For about 15 years Dr. Yudkin and his team had been running a weight loss clinic out of the university hospital using a low-carb dietary approach. Despite the patients’ doing well on the program, he and his staff had received the same criticisms all of us have who treat obese patients by restricting carbohydrates. In addition, because of his academic standing and long list of scientific publications, Yudkin’s peers had given him heat over the fact that his diet didn’t provide enough of all the vitamins and minerals required for health. As a consequence, he decided to do a study to see if there was any substance to their fault-finding.

He recruited 11 subjects aged 21-51 years for his study. He and his staff evaluated the regular diets of these 11 subjects over a two week period. The volunteers were then instructed on the basics of low-carb dieting as it was done in the hospital clinic and followed for two weeks on this regimen. The goal of the study was to determine the dietary intake of the essential nutrients in the low-carb diet to see if there were inadequacies.

Here were the low-carb instructions:

The instructions relating to the low carbohydrate diet were identical to those given to patients attending a hospital overweight clinic under our supervision. Essentially, the subjects were asked to take between 10 and 20 oz milk daily (about 300-600 ml), and as much meat, fish, eggs, cheese, butter, margarine, cream and leafy vegetables as they wished. The amount of carbohydrate in other food was listed in “units” with each unit consisting of 5 g carbohydrate; the subjects were told to limit these foods to not more than 10 units (or 50 g) carbohydrate daily.

As the low-carb portion of the study was progressing, Yudkin and his staff evaluated not only the intake of these subjects, but their mental status as well.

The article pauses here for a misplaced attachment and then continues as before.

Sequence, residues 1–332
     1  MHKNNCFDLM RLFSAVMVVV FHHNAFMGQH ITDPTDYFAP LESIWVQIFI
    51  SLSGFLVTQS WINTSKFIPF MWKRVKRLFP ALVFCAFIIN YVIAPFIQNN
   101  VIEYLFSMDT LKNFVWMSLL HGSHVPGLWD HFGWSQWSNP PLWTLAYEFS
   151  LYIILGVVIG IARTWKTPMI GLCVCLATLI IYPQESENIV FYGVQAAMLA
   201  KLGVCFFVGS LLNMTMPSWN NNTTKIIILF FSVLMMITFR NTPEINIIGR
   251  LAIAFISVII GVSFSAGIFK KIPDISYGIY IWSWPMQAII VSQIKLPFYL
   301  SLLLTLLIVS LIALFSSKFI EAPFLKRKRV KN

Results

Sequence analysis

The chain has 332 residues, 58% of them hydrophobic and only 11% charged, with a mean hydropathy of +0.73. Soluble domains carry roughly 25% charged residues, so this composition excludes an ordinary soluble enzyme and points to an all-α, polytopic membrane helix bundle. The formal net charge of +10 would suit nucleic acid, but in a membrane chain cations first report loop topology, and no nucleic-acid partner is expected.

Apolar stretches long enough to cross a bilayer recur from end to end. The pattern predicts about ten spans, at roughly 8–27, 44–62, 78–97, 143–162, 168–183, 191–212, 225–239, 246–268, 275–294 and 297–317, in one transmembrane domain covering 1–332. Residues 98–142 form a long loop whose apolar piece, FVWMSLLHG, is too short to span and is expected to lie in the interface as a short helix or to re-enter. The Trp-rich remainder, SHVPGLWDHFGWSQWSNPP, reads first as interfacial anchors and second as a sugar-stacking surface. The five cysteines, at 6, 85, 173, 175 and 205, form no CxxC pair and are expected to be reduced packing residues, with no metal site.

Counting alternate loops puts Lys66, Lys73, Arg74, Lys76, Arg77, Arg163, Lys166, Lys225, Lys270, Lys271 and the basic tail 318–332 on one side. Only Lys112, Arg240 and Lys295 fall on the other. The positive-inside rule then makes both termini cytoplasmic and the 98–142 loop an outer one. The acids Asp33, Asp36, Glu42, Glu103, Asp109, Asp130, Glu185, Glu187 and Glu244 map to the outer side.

In conformity with our experience with this diet during the last 15 years, none of our subjects complained of hunger or any other ill effects; on the other hand, several volunteered statements to the effect that they had increased feeling of well-being and decreased lassitude. The average intake of calories and of protein, fat, and carbohydrate for the 11 subjects…were remarkably similar to those obtained for the six subjects of the previous study. [Yudkin had published a study in The Lancet in 1960 looking at the caloric and macronutrient intake of subjects on low-carb diets.]

Here is the chart from Yudkin’s paper showing the caloric and macronutrient changes when the subjects shifted from their regular diet to the low-carbohydrate diet.

yudkin-study-blogsize.jpg

The macronutrient consumption was 83 grams of protein, 105 grams of fat and 67 grams of carbohydrate. Putting this into percentages of overall intake, we find that diet was 21.3% protein, 60.6% fat and 17.1% carbohydrate. The energy intake was 1560 calories per day, almost exactly the same as the Keys study described above.

And, remember, these people were given all the food they wanted to eat. They weren’t forced to drop their calories to 1560 per day – they did it spontaneously because they had eaten until sated.

Here is the data in tabular form.

keys_yudkin-blogsize.jpg

As you can see, the big difference is in the carbohydrate intake and fat intake. They are just about the reverse of one another in the two studies.